Ohio has criminal statutes that cover employees’ unauthorized use or access of their employers’ computers. Ohio Revised Code 2913.04 criminalizes, as a felony, the unauthorized use of property and the unauthorized access to a computer:
(A) No person shall knowingly use or operate the property of another without the consent of the owner or person authorized to give consent.
(B) No person, in any manner and by any means, including, but not limited to, computer hacking, shall knowingly gain access to, attempt to gain access to, or cause access to be gained to any computer, computer system, computer network, cable service, cable system, telecommunications device, telecommunications service, or information service without the consent of, or beyond the scope of the express or implied consent of, the owner of the computer, computer system, computer network, cable service, cable system, telecommunications device, telecommunications service, or information service or other person authorized to give consent.
State v. Wolf (Ohio Ct. App. 4/28/09) [PDF] illustrates how these statutes operate.
Richard Lee Wolf worked at the Shelby, Ohio, Wastewater Treatment Plant. When a supervisor was cleaning files off an old computer, he came across a nude photo of Wolf. During the subsequent investigation, Wolf admitted that he had visited a website called “Adult Friend Finder” during work hours to meet women, some of whom asked for a nude picture. The city then conducted a forensic examination of the computer’s hard drive. and found 703 pornographic photos. It also found several sexually explicit emails, such as the following, in which Wolf appears to have been soliciting services from a dominatrix named Madam Patrice:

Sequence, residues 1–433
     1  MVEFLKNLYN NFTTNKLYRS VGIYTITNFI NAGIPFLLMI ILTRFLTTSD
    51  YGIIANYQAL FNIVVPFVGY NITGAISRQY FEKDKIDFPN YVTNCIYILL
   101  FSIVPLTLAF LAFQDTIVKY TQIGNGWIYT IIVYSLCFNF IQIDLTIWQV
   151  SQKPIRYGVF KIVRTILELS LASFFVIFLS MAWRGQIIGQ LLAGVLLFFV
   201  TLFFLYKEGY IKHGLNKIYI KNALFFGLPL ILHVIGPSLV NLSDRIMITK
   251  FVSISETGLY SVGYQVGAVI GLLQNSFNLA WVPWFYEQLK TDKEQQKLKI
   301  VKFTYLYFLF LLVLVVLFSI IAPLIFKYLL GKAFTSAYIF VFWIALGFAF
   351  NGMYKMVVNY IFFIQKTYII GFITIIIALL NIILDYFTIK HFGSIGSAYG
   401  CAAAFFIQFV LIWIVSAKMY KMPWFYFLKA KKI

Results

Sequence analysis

First off, thank you for taking the time to remember me. I have yet to be at the mercy of a true dom mistress. You are incredibly seductive, and I would love for you to be the first one to ‘break me in’. We’re talking ‘light stuff’ here, OK! Also, I have never been involved in any monetary transactions or arrangements….so this is all new to me. Obviously I would be with you for at least an hour, but I would prefer to be with you for at (sic) 2 hrs, contingent on your discount. Is it possible to spend the last half hour or so being your lover? Whatever is possible, please let me know. I look forward to hearing from you again. Have a great weekend. Rick.
When the city confronted Wolf with the mass of photos and emails, Wolf admitted that he had spent over 100 hours of work time on the internet for personal business. As a result of the investigation, Wolf was not only fired, but also successfully prosecuted under 2913.04. The court found that the convictions were warranted because the city had not authorized or consented to Wolf’s use of his work computer to upload nude photos or himself, to access pornographic websites, or to solicit sex for money.
Only extreme case will justify an employer filing criminal charges against an employee for misuse of work computers. Nevertheless, the Wolf case illustrates the importance of periodic monitoring how employees use workplace technology.
Presented by Kohrman Jackson & Krantz, with offices in Cleveland and Columbus.For more information, contact Jon Hyman, a partner in our Labor & Employment group, at (216) 736-7226 or firstname.lastname@example.org.